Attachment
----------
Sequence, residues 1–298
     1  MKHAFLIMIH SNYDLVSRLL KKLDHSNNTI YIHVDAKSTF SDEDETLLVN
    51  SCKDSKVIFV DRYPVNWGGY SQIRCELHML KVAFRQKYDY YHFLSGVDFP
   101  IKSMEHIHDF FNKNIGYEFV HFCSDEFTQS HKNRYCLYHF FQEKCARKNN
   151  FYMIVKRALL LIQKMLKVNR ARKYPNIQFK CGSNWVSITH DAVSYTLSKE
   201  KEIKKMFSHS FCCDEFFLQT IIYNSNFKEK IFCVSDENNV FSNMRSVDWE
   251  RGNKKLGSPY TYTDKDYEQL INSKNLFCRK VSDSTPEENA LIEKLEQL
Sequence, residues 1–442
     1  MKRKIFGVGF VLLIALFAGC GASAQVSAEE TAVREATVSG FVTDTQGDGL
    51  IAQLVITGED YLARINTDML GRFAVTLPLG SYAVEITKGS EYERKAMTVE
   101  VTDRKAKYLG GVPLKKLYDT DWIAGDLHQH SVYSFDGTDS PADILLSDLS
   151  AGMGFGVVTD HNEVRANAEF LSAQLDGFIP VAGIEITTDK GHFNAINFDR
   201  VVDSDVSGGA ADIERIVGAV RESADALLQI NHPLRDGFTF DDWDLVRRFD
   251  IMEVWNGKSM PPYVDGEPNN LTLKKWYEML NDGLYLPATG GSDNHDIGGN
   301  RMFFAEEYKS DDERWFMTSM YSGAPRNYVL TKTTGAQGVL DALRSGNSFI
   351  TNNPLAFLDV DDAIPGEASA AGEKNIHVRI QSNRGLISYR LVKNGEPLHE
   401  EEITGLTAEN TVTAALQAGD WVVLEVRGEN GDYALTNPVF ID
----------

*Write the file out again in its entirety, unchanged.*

Sequence, residues 1–298
     1  MKHAFLIMIH SNYDLVSRLL KKLDHSNNTI YIHVDAKSTF SDEDETLLVN
    51  SCKDSKVIFV DRYPVNWGGY SQIRCELHML KVAFRQKYDY YHFLSGVDFP
   101  IKSMEHIHDF FNKNIGYEFV HFCSDEFTQS HKNRYCLYHF FQEKCARKNN
   151  FYMIVKRALL LIQKMLKVNR ARKYPNIQFK CGSNWVSITH DAVSYTLSKE
   201  KEIKKMFSHS FCCDEFFLQT IIYNSNFKEK IFCVSDENNV FSNMRSVDWE
   251  RGNKKLGSPY TYTDKDYEQL INSKNLFCRK VSDSTPEENA LIEKLEQL
Sequence, residues 1–442
     1  MKRKIFGVGF VLLIALFAGC GASAQVSAEE TAVREATVSG FVTDTQGDGL
    51  IAQLVITGED YLARINTDML GRFAVTLPLG SYAVEITKGS EYERKAMTVE
   101  VTDRKAKYLG GVPLKKLYDT DWIAGDLHQH SVYSFDGTDS PADILLSDLS
   151  AGMGFGVVTD HNEVRANAEF LSAQLDGFIP VAGIEITTDK GHFNAINFDR
   201  VVDSDVSGGA ADIERIVGAV RESADALLQI NHPLRDGFTF DDWDLVRRFD
   251  IMEVWNGKSM PPYVDGEPNN LTLKKWYEML NDGLYLPATG GSDNHDIGGN
   301  RMFFAEEYKS DDERWFMTSM YSGAPRNYVL TKTTGAQGVL DALRSGNSFI
   351  TNNPLAFLDV DDAIPGEASA AGEKNIHVRI QSNRGLISYR LVKNGEPLHE
   401  EEITGLTAEN TVTAALQAGD WVVLEVRGEN GDYALTNPVF ID